Want to Save Time and Money on Radiation? Just Ask.
A shorter, less expensive, just as effective course of radiation treatment is available for breast cancer survivors, yet many U.S. women aren’t being offered this easier treatment. Why not?
Hypofractionated whole breast irradiation.
If you’re one of the approximately 140,000 to 160,000 American women facing radiation treatment for early-stage breast cancer this year, keep those words in mind.
They just may save you a lot of time. And save your insurance company $3,000 to $4,000 – which could help translate to fewer premium increases in the future.
It’s been three years since the American Society for Radiation Oncology endorsed a shorter, more intensive course of radiation for breast cancer treatment – hypofractionated whole breast irradiation – in women over 50 with early-stage breast cancer. While the standard course of radiation for women in this group had typically been 5 to 7 weeks (25 to 35 treatments), the Society used the results of four large studies to recommend a shorter, 3-week treatment, saying it was just as effective and less costly.
Works just as well? Costs less? Takes less time? Sounds like a win-win-win.
In fact, last year the Society made shorter radiation treatments for breast cancer patients the top priority in its Choosing Wisely campaign, which advocates for the reduction of unnecessary medical treatments.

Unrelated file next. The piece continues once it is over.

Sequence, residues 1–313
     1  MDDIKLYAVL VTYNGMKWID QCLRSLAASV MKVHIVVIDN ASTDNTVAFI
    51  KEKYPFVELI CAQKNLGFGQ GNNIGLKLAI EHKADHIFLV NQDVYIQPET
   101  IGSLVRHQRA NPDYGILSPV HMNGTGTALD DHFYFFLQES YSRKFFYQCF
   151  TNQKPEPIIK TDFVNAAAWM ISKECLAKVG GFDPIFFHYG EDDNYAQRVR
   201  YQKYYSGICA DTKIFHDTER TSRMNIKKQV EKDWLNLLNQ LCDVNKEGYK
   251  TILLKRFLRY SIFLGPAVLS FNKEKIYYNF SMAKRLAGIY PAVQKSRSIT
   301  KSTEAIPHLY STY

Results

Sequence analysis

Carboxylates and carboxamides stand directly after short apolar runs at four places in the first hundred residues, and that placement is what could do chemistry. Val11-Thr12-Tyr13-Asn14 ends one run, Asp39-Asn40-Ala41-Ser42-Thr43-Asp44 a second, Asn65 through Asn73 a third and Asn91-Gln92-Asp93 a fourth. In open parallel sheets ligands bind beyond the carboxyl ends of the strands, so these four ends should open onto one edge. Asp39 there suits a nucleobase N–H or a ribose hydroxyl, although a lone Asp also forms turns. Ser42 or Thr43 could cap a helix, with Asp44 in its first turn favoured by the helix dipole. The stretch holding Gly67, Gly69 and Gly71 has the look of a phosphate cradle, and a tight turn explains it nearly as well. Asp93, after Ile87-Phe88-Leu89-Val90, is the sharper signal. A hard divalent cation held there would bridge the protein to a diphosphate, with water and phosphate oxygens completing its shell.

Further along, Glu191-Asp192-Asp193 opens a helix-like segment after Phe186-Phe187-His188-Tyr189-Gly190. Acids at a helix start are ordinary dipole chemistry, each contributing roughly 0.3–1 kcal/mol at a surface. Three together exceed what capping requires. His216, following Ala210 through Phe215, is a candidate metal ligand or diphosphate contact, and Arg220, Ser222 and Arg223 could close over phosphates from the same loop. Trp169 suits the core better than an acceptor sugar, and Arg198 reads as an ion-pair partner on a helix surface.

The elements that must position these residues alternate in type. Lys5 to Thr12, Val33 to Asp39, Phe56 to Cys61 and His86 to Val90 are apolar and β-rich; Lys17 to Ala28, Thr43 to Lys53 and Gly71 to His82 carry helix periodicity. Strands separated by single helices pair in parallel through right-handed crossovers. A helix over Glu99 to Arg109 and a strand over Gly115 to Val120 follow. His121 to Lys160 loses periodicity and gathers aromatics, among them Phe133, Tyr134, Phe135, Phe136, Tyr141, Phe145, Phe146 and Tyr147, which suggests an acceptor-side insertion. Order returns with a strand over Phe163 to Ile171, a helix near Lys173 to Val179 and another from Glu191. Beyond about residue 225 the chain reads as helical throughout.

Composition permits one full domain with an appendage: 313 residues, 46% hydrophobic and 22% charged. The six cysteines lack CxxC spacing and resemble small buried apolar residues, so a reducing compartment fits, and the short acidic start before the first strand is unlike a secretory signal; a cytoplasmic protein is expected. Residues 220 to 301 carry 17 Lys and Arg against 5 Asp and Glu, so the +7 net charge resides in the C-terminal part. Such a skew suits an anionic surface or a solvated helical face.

But a paper published in the online Journal of the American Medical Association this week demonstrates just how little progress has been made in adopting these new standards. Only about 35% of eligible women received this shorter treatment – meaning the significant majority are spending more money and time on cancer treatment than they need to.
Meanwhile, up to 80% of breast cancer patients outside the U.S. are now receiving this shortened course of treatment. Why the disparity?
First, unlike many other countries, there are plenty of radiation facilities available here, and thus gaining access to a longer course of treatment isn’t a problem. There’s also a financial incentive – the additional $3,000 to $4,000 per patient for the longer treatment isn’t insignificant.
Finally, some doctors, particularly in less developed areas of the country, feel uncomfortable changing a standard of treatment that’s always worked well.
If you’re facing radiation, and the hassle and expense of having a daily treatment for up to 7 weeks, ask your oncologist about hypofractionated WBI. If s/he doesn’t recommend it, ask why not. If you don’t like the answer – see if you can access another treatment center. This may be one of those occasions when aggressive self-advocacy pays off, in both time and money.
Bekelman, J. (2014, December 10). Hypofractionated vs Conventional Whole Breast Irradiation. Retrieved December 11, 2014, from http://jama.jamanetwork.com/article.aspx?articleid=2020542
Shute, N. (2014, December 10). Doctors Lag In Adopting Cheaper, Faster Radiation For Breast Cancer. Retrieved December 11, 2014, from http://www.npr.org/blogs/health/2014/12/10/369639080/doctors-slow-to-adopt-cheaper-faster-radiation-for-breast-cancer